The European Mink is one of Europe’s most endangered mammals and is also extremely easy to confuse with the American mink, Mustela vison, (Vison d’Amérique in French). The fur is normally a very dark brown with a small band of white around the mouth and sometimes on the throat; this marking can assist in identification but it is by no means certain. Although the smaller size of the European mink may also help to distinguish it from the American mink, often the only reliable method is by skull and/or bone measurements or genetic analysis. It is also possible to confuse the European mink with the Polecat, Mustela putorius (Putois in French) in some of its forms.
Males and females of the European mink look very similar, the males are however up to 75 or 80% larger probably to enable them to compete for females and territory; the females only need to protect and feed their young. Males weigh from 600g to 1kg, females 400g to 800g.
History. At the beginning of the 20th century before its present decline the European mink occurred in non-Mediterranean France and in adjacent provinces of north western Spain, in northern and eastern Germany, Poland, eastern Austria, Czechoslovakia, eastern Yugoslavia, Hungary, Bulgaria, northern Romania, central and southern Finland and the western parts of what was the USSR reaching as far as the Urals and the Black Sea. The decline was already evident by the 1950’s and between then and 1990 the decline was very rapid leaving only small numbers in parts of Eastern Europe, North West Spain, South-Western France and possibly Greece.
The reasons for its rapid decline are still not fully understood it would seem, although there is an obvious connection with the introduction of the American mink in the 1920’s, other hypotheses include hunting, urbanisation, water pollution, general loss of habitat, poisoning and trapping meant for other species (coypu for example) and also the possibility of a new or introduced disease.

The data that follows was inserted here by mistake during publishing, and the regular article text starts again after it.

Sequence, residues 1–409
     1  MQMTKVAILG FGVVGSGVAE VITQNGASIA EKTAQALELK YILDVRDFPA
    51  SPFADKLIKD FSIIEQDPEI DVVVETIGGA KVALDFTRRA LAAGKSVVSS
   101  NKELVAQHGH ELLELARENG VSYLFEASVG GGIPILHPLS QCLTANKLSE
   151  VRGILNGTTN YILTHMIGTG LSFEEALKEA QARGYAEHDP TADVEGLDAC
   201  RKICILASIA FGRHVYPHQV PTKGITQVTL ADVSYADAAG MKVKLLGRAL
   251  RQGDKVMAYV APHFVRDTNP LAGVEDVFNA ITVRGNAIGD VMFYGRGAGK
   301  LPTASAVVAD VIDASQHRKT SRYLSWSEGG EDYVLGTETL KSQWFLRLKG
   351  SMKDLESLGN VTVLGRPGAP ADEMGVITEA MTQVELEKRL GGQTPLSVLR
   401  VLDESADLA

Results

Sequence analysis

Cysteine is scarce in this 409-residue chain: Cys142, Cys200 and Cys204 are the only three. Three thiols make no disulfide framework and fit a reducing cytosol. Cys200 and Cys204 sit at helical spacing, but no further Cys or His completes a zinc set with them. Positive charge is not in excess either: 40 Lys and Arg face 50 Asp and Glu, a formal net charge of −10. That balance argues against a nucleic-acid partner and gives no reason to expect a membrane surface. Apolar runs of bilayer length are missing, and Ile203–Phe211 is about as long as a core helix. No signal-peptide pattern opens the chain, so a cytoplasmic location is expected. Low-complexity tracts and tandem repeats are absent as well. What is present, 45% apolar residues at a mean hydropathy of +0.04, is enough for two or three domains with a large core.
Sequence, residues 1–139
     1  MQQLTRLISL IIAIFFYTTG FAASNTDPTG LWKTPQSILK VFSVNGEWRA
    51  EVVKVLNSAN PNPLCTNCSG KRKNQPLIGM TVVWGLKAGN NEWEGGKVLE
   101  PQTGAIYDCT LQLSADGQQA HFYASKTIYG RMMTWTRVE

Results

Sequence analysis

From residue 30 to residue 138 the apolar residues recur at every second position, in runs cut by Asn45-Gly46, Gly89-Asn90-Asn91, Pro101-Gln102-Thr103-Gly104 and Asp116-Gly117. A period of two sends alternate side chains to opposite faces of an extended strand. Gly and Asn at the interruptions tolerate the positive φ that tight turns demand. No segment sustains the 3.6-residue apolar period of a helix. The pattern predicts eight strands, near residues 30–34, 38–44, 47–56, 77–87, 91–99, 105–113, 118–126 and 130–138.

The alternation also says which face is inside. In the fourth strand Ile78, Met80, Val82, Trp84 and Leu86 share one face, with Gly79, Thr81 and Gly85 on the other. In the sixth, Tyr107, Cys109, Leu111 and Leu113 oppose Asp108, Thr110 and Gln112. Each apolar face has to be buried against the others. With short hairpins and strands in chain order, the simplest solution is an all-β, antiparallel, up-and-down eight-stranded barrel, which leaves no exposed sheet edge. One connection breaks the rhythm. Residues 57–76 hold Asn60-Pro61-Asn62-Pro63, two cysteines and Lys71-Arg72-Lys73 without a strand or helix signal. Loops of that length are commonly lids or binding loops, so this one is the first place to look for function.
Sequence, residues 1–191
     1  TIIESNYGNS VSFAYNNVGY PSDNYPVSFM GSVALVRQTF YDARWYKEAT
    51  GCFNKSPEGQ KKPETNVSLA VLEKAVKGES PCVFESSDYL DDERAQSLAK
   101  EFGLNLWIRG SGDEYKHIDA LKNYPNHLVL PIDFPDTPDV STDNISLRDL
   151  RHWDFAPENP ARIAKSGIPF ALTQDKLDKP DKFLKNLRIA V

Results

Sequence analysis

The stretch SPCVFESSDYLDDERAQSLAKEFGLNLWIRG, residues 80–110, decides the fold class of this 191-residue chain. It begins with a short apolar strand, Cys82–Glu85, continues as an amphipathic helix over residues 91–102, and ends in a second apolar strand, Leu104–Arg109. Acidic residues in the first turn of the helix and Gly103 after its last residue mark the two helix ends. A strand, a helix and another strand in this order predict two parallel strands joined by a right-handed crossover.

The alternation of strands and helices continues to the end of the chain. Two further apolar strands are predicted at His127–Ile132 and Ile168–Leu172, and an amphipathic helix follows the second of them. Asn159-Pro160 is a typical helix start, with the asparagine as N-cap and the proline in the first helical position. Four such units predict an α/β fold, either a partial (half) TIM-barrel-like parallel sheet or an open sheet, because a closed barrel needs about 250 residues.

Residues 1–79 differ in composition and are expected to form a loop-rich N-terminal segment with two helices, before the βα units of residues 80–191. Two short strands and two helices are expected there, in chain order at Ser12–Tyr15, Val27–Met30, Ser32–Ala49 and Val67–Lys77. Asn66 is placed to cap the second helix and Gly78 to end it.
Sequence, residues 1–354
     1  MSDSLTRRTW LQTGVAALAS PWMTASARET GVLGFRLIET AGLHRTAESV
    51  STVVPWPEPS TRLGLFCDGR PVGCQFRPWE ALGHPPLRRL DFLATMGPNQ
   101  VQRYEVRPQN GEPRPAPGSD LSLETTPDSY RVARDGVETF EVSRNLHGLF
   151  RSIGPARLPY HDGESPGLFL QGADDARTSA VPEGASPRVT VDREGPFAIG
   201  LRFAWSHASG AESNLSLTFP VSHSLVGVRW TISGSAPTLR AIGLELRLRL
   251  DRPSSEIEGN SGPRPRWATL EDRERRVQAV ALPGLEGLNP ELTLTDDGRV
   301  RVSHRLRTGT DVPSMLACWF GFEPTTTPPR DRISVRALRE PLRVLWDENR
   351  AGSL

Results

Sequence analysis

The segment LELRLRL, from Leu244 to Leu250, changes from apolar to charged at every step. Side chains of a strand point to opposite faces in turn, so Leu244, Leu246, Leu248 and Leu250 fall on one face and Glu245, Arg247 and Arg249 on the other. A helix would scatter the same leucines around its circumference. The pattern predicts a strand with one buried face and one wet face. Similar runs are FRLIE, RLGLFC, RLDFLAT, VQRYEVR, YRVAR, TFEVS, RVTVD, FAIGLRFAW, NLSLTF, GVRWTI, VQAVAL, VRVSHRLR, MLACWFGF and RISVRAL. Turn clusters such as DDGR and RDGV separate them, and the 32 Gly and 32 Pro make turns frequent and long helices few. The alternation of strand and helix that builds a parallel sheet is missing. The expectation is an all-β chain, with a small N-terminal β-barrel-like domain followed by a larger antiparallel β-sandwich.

A National action plan for the European mink in France was introduced in 1998 and is coordinated by SFEPM. (Société Française pour l'Etude et la Protection des Mammifères). In Oct 2004 as a result of their research they denounced the use of chemical poisoning having found that 10% of Otters and European mink found dead in Aquitaine were poisoned by bromadiolone or chlorophacinone two (1) anticoagulants used regularly to poison coypu and muskrats, as well as other rodents.
Behaviour. Mink are mainly nocturnal, tending, but not always, to spend the day in their dens, coming out at night to prey on small mammals, birds, insects, fish, and frogs, in fact almost anything it can overpower and eat. Unlike the otter it is a poor diver and can not hold its breathe for as long, making it harder to catch fast fish.There is no social structure, males and females only coming together at the time of rut, which can be aggressive between the sexes, after coupling the females remain alone to bring up the young following an uncertain gestation period thought to be between 35 & 42 days (Novikov) or between 43 & 70 days (Stroganov). The female gives birth to 2 – 7 young, born blind, in April - June and raises them in a den, milk feeding for about 5 or 6 weeks. The young leave the den after 12 – 18 weeks and reach maturity at about 1 year. Life span in the wild is about 6 years and up to 12 years in captivity
The mink uses a territory of up to 15 kilometres or more of river using many different dens which are in cavities in the ground, in tree roots, hollows in trees and old tunnels that have been vacated by other mammals, sometimes forcibly. The mink is not a great land traveller and the dens are rarely more than 5 meters from the water – the maximum distance a mink will normally range from water being about 100 meters. They remain active throughout the year with no period of hibernation..
Status: Currently found only in the 5 departments of Aquitaine (Dordogne, Gironde, Lot et Garonne, Landes et Pyrénées-Atlantiques) and in the south of Poitou-Charentes (Charente et Charente-Maritime).
Listed as Critically endangered by the IUCN
(1) These anticoagulant rodenticides are highly toxic to many species and, for example, when consumed in sub lethal quantities they build up in the livers of Barn Owls and widely accepted to affect both life span and fertility.